According to a study published in the April 4 issue of JAMA, individuals have an increased, although overall small risk of developing a serious eye condition called retinal detachment when taking oral fluoroquinolones.

The study included nearly 1 million patients who had visited an ophthalmologist.

The researchers write:

“Fluoroquinolones are one of the most commonly prescribed classes of antibiotics. Their broad-spectrum antibacterial coverage and high-tissue distribution provide potency for a wide variety of community-acquired infections.”

Even though fluoroquinolones are typically well tolerated, they have been linked to numerous side effects and associated to several forms of ocular toxicity, such as retinal hemorrhages, corneal perforations, and optic neuropathy.

The researchers said:

“Despite numerous case reports of ocular toxicity, a pharmacoepidemiological study of their ocular safety, particularly retinal detachment, has not been performed. Retinal detachment is a serious medical emergency that may lead to irreversible vision loss.”

In order to analyze the link between the risk of retinal detachment and the use of oral fluoroquinolones, Mahyar Etminan, Ph.D., M.Sc. (epi), of the Child and Family Research Institute of British Columbia, Vancouver, Canada, and team conducted a study involving 989,591 patients in British Columbia who had visited an ophthalmologist between January 2000 and December 2007.

The researchers defined retinal detachment cases as a procedure code for retinal repair surgery within 14 days of a physician service code. For each case the they selected 10 controls.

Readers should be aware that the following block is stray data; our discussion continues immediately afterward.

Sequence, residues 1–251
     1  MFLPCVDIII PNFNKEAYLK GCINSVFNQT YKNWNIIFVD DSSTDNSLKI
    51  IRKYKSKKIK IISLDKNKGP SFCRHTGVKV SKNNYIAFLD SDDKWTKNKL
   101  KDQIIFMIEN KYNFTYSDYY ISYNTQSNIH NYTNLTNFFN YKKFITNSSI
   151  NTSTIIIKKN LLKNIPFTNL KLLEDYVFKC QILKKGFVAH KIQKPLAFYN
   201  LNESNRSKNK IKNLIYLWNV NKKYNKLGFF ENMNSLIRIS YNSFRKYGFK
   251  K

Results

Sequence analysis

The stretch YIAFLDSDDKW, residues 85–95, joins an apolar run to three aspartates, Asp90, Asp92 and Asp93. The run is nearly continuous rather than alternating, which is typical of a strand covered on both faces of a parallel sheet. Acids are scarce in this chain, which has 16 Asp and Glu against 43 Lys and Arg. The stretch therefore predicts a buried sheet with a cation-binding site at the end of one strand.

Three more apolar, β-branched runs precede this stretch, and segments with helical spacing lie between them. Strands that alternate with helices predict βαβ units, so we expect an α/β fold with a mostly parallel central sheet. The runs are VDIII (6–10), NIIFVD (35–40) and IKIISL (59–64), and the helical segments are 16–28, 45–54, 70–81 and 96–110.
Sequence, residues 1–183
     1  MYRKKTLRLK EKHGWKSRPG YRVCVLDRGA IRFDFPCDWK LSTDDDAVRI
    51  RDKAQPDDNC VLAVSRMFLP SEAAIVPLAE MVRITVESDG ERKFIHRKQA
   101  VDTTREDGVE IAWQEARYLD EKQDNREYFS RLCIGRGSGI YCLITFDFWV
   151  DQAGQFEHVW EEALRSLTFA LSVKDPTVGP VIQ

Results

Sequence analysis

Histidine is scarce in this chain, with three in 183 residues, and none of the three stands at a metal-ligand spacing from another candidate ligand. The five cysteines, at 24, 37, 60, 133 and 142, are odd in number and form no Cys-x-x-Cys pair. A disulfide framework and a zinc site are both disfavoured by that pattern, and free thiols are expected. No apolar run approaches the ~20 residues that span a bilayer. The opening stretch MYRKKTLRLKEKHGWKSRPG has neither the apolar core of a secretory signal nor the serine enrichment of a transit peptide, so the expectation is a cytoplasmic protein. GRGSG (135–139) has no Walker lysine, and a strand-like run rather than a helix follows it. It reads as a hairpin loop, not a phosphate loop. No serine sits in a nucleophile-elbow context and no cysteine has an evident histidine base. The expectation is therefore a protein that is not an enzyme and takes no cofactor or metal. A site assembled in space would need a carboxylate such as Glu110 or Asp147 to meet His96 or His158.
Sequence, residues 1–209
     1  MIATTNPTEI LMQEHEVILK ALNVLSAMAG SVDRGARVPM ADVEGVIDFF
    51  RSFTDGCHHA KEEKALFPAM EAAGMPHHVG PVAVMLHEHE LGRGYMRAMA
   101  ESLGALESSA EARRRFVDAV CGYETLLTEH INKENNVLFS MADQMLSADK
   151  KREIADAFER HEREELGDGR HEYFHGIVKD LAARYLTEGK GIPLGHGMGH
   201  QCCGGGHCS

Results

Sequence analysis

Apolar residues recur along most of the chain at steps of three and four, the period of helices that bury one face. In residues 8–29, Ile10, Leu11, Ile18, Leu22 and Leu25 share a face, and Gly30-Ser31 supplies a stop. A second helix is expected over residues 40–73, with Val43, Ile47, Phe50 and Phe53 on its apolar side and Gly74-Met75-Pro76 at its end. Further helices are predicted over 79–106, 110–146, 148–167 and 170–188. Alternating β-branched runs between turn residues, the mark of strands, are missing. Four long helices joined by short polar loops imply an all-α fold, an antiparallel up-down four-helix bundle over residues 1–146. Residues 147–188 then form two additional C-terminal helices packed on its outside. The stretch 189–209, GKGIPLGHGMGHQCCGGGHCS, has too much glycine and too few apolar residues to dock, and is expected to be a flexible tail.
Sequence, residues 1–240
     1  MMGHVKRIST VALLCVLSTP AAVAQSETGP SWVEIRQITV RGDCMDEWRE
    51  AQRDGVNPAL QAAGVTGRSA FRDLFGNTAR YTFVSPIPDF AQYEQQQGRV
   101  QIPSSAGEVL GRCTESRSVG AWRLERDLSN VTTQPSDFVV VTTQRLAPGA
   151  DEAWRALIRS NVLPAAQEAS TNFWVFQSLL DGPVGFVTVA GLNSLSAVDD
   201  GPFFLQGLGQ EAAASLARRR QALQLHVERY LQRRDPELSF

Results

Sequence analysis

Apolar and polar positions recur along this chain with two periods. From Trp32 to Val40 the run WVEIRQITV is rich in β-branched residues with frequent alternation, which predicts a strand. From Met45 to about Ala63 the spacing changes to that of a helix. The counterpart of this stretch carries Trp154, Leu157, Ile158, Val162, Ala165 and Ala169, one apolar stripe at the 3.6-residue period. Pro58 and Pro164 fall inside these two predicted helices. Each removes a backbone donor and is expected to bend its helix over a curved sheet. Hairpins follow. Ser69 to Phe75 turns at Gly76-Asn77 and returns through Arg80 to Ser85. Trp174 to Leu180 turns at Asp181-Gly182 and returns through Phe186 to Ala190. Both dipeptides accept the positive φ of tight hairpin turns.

Of the 989,591 patients, the researchers examined 4,384 cases of retinal detachment and 43,840 corresponding controls.

The researchers found that retinal detachment was more prevalent in male patients, diabetics, patients with mypoia (near-sightedness), and those who have received cataract surgery.

Results from the study indicated that retinal detachment was linked to a higher chance of current use of fluoroquinolones (3.3% cases vs. 0.6% controls).

The average number of days from first prescription of the medication to first event of a retinal detachment among current users was 4.8 days. The team found no risk among recent users (0.3% cases vs 0.2% controls) or previous users (6.6% vs. 6.1% controls. Despite the increased rate of retinal detachment in patients taking antibiotics, the overall absolute risk was low, and the number needed to harm was 2,500 for any use of fluoroquinolones.

Among current users of β-lactam antibiotics or short-acting β-agonists, no risk was observed.

The authors explained:

“This is the first study, to our knowledge, demonstrating that oral fluoroquinolones are associated with an increase in the risk of retinal detachment. Current users of oral fluoroquinolones were nearly 5 times more likely to be diagnosed with retinal detachment than nonusers.”

However, as retinal detachment is rare among unexposed patients, the absolute risk increase is low.

The researchers highlight that only current users in the study had an increased risk of retinal detachment, not recent or past users, suggesting an acute adverse event. In addition, they state that the exact mechanism of retinal detachment with fluoroquinolones remains unknown.

They conclude:

“Future pharmacoepidemiological studies should be conducted to confirm or
refute these findings.”

Written by Grace Rattue